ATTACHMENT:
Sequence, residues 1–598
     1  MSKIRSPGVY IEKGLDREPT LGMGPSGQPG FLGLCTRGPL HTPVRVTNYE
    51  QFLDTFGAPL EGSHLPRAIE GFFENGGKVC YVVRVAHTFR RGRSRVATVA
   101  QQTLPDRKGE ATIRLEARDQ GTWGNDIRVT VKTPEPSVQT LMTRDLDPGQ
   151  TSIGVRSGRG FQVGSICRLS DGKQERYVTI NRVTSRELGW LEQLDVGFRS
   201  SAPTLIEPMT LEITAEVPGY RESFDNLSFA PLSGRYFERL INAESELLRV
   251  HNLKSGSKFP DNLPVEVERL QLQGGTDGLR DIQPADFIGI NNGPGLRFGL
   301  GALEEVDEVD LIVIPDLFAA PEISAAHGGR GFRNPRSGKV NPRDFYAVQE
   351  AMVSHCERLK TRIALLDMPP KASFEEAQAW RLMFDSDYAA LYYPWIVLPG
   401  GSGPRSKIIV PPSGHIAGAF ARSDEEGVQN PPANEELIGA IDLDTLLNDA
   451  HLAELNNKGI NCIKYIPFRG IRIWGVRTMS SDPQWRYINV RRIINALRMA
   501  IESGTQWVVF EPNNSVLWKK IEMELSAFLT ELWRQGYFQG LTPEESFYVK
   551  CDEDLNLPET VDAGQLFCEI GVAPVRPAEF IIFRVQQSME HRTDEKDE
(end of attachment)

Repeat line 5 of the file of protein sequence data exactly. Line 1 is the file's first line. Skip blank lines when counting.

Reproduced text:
   151  TSIGVRSGRG FQVGSICRLS DGKQERYVTI NRVTSRELGW LEQLDVGFRS